Swiss Sunday: The Hague Convention

In 1991 moviegoers watched Sally Field portray Betty Mahmoody in Not Without My Daughter. In real life, Mahmoody was trapped by her Iranian husband in Iran, and she could not leave with her American-born daughter. The Swiss embassy helped Mahmoody smuggle her daughter out.

How horrible, people said. How could a man force his wife and child to stay in Iran when they held US passports? How wonderful of Switzerland to help this woman and her daughter!

If that is wonderful, you have to ask yourself why, in 2019, when I asked the Swiss government to let me take my American-born children back to the United States, I was informed that if I attempted to do so, I would be arrested and charged with kidnapping.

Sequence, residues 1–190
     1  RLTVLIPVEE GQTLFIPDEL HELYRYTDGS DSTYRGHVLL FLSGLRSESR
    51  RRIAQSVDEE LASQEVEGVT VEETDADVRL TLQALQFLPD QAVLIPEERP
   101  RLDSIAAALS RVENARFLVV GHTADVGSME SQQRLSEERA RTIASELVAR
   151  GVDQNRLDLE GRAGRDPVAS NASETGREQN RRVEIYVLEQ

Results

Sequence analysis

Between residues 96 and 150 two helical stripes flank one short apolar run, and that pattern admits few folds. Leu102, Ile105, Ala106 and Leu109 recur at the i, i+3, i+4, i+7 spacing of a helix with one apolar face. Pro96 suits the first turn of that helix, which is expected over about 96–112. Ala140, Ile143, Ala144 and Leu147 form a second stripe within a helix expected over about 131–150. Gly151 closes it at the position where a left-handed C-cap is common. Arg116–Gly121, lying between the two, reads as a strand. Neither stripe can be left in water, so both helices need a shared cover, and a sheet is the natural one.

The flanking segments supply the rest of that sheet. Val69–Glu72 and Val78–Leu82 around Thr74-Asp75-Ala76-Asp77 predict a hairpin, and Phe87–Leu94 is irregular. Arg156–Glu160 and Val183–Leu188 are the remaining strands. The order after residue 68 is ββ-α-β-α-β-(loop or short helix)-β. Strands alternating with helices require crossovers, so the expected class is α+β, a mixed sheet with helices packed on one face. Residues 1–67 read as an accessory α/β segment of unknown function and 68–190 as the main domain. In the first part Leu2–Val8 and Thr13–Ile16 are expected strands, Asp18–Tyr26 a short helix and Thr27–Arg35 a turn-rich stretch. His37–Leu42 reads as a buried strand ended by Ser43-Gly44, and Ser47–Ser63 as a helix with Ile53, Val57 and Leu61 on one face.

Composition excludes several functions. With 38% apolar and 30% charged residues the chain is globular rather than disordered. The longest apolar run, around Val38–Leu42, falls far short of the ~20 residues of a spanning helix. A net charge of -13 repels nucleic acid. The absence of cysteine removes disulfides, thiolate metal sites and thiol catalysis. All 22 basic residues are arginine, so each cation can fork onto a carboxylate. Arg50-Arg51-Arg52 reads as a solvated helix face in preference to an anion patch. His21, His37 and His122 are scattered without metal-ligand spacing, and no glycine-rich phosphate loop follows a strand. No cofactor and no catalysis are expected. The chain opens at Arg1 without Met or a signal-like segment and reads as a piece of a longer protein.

What happened?

There’s a treaty you probably don’t know about unless you’ve been involved in an international custody dispute. It’s called the Hague Convention on the Civil Aspects of International Child Abduction.

This is a treaty that, in theory, is a good idea. It prevents one parent from taking the children out of one country and moving them to another without the other parent’s permission. This is great! Both parents should be involved in that decision, and now you know it exists, and you can smile and say, “good job, international community! Way to keep crazy parents from kidnapping their children!”

But Iran is not a member of this treaty, so once Mahmoody got her daughter out, there was no international mechanism to force her back. Switzerland and the US are both members, so if I did run back to the states with my minor children, I would have to send them back, and I could end up in jail for kidnapping.

As I said, this is generally a good thing. My soon-to-be ex-husband and I are divorcing, but he’s still the Offsprings’ father. And so, for right now, I’m using my improv skills to yes and the heck out of life. I can’t take my kids back to the US to live, so I’m having fun while I’m here. Offspring #2 is 14, so I can decide whether to stay here or go back to the states in four years, and the kids can make their own decisions.